MEETING DEATH IN PARIS.
Death In Paris is minimalist, modern and functional. At least that’s how its founders describe it. It’s an accessories label that’s been on my periphery for some time now. Once discovered, I instantly fell (hard) for the clean-lined aesthetic, edgy editorials, and undeniable quality. So, in attempts to learn more, I got in touch with the two #GIRLBOSSES behind the brand.
Mélusine Roussilhe started Death In Paris as a graphic design studio while still living in the French capital, but always knew she wanted to do more with her creative disposition. A friend, Natasha – who was in the city studying French – would come round on rainy afternoons and they began to work on side projects, eating Korean food and watching old movies, and soon discovered they had very similar tastes. And so, on one Saturday afternoon, they began to design some bags.
“I got a call from Natasha,” stated Mélusine. “And she said that she’d met with a factory in Thailand that would be able to make the bags we’d designed, and asked if I wanted to have them made. Definitely, I said. Of course!” After heading back to Thailand once her year of studying was up, Natasha had got in touch with said manufacturers; skilled workers at a family-run business, who would be able to tailor the products to their exact specifications. “We didn’t have the technical training,” continued Mélusine. “So it was a good year and a half to get the first product perfect.”
“If I can imagine it I can make it,” thought Natasha, but they quickly learnt this wasn’t the case. They had very distinct ideas of what they wanted, and so both girls were happy to wait until everything was in keeping with their vision before launching. But what about the designs themselves? “We’re both really into organisation and see-through things,” answered Mélusine. It’s a commonality the girls’ share that’s certainly evident, and one that’s easily visible with a quick glance at their first collection.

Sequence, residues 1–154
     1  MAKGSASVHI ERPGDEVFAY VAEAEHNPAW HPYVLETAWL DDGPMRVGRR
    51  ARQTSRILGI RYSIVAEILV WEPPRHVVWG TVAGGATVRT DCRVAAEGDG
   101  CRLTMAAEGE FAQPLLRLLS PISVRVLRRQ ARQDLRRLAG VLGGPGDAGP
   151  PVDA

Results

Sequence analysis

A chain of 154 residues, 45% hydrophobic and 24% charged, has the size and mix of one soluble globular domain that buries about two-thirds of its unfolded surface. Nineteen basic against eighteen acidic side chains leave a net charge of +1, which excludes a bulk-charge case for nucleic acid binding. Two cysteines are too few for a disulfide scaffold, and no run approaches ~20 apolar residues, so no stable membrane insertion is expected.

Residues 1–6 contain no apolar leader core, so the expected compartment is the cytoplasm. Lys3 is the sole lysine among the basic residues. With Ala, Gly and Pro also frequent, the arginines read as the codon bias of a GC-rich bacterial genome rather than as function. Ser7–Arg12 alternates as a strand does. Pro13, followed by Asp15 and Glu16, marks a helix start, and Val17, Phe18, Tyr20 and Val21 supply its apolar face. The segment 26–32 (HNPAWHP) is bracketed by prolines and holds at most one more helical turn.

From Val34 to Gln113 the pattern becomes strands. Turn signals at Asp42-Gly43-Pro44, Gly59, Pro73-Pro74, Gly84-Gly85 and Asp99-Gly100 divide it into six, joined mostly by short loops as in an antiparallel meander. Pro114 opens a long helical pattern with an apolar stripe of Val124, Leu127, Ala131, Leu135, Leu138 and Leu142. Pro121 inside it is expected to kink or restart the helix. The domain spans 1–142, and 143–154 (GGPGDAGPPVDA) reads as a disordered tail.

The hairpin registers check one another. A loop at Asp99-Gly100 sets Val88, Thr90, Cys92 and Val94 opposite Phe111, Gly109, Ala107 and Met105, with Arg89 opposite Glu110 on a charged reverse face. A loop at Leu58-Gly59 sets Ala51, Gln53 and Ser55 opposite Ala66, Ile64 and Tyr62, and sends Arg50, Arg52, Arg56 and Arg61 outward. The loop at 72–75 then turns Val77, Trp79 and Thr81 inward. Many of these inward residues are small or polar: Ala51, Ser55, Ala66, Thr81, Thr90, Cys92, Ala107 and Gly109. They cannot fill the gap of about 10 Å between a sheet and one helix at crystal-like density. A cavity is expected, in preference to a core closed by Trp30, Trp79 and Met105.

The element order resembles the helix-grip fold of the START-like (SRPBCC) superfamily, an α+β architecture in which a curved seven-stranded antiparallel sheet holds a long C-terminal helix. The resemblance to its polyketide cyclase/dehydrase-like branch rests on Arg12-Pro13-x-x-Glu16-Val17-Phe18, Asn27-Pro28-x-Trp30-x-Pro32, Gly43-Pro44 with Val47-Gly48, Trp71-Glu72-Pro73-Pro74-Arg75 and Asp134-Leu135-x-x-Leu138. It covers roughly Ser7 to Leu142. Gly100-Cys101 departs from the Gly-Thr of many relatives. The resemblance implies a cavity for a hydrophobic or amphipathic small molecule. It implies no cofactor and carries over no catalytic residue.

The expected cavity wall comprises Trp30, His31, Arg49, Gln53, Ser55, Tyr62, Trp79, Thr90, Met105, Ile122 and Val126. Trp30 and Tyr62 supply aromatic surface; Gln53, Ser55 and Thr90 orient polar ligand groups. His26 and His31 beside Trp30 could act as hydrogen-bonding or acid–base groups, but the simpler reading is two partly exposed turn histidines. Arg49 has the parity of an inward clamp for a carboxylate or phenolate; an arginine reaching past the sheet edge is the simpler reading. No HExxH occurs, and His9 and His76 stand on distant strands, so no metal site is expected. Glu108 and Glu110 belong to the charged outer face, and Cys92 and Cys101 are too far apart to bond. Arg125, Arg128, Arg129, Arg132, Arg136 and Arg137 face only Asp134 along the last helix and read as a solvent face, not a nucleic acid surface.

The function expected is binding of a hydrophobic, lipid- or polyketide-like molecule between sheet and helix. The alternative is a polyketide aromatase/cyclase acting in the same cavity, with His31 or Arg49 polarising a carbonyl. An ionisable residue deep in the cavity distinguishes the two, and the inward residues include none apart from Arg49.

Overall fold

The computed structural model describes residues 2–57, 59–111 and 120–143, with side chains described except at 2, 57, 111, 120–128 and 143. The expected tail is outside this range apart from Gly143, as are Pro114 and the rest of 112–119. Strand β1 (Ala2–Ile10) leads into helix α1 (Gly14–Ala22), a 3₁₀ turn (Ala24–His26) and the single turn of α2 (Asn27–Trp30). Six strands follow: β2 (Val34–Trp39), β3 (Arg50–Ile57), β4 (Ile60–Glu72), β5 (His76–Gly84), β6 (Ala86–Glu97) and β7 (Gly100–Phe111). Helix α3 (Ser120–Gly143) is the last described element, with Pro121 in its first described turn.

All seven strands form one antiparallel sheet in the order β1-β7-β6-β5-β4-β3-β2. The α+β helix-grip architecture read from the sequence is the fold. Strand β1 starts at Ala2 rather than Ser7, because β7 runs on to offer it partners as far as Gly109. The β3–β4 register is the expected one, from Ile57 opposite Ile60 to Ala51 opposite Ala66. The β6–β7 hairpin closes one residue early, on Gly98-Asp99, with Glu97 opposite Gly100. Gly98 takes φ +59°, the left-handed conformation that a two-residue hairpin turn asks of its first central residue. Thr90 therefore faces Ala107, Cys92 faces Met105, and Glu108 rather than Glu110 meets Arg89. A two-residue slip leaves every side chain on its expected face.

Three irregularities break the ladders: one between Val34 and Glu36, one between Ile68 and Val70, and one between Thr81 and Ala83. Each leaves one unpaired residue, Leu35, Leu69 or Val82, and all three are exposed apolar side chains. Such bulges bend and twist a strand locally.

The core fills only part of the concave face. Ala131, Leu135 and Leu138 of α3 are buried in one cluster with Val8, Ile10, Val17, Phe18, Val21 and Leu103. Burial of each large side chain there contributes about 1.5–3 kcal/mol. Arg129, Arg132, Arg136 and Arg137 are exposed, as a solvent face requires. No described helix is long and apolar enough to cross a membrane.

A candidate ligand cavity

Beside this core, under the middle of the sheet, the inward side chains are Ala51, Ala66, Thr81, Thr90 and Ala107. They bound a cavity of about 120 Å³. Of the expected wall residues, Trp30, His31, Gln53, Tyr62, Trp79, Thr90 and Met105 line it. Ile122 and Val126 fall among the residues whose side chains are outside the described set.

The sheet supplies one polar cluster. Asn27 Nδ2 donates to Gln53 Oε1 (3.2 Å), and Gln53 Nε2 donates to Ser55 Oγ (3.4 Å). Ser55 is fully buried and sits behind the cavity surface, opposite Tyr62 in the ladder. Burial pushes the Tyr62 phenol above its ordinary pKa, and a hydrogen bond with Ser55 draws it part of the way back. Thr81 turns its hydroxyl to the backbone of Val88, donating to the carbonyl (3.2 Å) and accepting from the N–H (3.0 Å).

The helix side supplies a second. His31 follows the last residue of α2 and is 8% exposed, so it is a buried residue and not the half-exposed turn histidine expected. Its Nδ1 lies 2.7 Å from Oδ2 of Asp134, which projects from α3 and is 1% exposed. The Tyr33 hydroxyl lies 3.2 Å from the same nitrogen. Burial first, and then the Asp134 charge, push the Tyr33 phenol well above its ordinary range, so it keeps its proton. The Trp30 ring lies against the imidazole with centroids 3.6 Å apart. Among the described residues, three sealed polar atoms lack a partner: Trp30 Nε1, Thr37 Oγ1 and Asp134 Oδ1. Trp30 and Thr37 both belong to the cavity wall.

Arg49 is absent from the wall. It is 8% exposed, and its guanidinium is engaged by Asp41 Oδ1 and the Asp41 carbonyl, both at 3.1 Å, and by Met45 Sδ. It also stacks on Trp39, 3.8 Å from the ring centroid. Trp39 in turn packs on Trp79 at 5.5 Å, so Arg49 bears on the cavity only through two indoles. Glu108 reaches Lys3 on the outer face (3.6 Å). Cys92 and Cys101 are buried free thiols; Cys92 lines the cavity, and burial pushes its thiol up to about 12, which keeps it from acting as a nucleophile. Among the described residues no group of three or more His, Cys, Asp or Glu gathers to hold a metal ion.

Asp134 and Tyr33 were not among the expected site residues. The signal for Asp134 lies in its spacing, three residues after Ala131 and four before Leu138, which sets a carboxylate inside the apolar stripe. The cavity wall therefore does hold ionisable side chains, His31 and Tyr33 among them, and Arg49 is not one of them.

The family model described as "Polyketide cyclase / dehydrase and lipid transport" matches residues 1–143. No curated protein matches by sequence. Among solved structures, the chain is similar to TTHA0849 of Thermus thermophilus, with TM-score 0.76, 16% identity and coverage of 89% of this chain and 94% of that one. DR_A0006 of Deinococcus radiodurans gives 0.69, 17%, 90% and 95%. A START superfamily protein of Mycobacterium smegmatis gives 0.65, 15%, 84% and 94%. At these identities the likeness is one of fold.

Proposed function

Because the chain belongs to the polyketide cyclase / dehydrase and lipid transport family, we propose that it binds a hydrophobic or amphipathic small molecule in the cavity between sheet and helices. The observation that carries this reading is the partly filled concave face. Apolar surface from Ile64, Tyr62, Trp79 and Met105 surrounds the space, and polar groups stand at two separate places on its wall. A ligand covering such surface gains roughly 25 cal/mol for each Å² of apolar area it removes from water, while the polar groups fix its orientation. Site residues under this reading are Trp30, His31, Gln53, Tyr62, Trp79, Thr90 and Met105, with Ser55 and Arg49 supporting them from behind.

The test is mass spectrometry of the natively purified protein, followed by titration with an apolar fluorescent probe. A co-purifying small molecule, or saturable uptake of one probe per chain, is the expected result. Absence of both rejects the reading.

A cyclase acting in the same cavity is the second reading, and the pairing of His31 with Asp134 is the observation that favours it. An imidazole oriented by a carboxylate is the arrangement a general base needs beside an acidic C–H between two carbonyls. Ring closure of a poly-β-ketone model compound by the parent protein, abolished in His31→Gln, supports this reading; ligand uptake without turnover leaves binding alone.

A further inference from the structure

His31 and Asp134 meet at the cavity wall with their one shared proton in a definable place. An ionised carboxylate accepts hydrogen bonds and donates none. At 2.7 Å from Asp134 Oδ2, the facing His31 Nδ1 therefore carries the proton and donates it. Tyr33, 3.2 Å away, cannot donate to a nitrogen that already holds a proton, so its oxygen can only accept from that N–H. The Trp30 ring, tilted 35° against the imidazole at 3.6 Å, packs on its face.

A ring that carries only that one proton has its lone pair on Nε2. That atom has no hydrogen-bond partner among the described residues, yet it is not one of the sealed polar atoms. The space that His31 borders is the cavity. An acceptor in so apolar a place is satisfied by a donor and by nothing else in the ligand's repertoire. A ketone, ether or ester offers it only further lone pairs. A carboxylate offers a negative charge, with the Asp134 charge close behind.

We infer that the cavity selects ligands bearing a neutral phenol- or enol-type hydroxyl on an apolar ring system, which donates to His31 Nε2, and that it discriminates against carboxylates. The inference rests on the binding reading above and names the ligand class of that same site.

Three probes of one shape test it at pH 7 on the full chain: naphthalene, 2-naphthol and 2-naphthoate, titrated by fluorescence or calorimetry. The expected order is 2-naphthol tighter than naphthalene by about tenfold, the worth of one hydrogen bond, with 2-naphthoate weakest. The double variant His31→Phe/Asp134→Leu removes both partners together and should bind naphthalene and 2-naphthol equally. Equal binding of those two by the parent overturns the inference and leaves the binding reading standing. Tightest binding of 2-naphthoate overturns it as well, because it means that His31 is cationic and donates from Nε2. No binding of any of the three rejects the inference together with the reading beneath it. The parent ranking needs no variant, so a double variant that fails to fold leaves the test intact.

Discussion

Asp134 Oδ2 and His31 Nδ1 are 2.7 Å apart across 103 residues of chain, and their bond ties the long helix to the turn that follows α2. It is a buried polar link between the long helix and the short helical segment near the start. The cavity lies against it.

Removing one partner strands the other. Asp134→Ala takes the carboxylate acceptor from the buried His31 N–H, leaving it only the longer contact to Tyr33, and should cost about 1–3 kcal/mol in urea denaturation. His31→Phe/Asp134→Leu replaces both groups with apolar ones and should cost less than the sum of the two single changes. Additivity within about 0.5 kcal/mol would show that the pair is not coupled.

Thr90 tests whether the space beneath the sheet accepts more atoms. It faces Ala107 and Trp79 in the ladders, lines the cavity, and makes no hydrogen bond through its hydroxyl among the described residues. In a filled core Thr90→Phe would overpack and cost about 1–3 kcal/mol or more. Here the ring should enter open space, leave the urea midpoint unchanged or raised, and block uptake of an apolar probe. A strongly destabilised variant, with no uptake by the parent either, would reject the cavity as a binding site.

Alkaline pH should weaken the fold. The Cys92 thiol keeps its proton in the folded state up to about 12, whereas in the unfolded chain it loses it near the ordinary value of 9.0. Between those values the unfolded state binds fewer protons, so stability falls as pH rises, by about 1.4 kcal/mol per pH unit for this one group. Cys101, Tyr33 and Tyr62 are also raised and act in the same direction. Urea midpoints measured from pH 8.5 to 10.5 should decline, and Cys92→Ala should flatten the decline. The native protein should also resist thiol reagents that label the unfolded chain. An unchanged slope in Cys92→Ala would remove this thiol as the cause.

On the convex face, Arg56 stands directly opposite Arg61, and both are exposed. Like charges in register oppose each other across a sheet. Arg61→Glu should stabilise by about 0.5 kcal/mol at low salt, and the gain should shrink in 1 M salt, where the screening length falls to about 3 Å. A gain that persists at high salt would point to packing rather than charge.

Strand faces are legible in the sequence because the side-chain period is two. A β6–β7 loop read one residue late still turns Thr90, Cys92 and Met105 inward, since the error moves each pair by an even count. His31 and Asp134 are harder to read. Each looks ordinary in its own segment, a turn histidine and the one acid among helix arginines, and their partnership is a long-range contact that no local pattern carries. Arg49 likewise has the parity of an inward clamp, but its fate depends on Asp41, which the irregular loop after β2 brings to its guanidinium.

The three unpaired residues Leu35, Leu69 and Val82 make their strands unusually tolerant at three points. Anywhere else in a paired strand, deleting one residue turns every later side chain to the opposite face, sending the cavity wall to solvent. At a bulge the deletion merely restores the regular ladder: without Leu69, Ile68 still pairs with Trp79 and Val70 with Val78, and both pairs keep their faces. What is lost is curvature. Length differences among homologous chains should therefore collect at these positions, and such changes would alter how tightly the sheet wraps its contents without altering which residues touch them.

A streamlined clutch, transparent, with a luxe leather-lined slip inside with card slots and a phone pocket – it was this bag that caught my attention, and that of many others. But their process hasn’t changed since then: “it’s basically the same,” said Natasha. “We just start thinking about the form of the bag, fundamentally how big it will be, how you will carry it. But by the end, after prototyping, it’s usually morphed into something quite different.”
And it’s this back and forth, between the two girls, and the two continents – Mélusine is based in London, and Natasha is still in Bangkok – as well as the factory, that makes DIP a product of a new breed of design start-ups. “Our day-to-day is filled with Whatsapp, Skype, emojis, emails, and Line, the Asian Whatsapp, every day,” continues Mélusine. “It works because the brand never sleeps. If I’m awake, Natasha’s asleep,” and then vice versa.” Someone is always on hand to make sure DIP is ticking away.
Having initially designed handbags the two of them would want themselves, they’ve now started to think about the DIP girl: “she’s young, and fashion-forward,” states Natasha. “Oh and Kiko Mizuhara,” finishes Mélusine. “She’s the ultimate Death In Paris girl; a Japanese ‘it’ girl. Definitely a muse. That would be the dream – Kiko in Death in Paris.”
What about the future? “For Autumn/Winter 2016 it’s the first time we are doing something totally different. And all I will say is that we want to show real people doing real things. So watch this space.”
Photography: Laoye and Beeson.
Model: Isabel Ulatowski, founder of THEFAKETITFUND.COM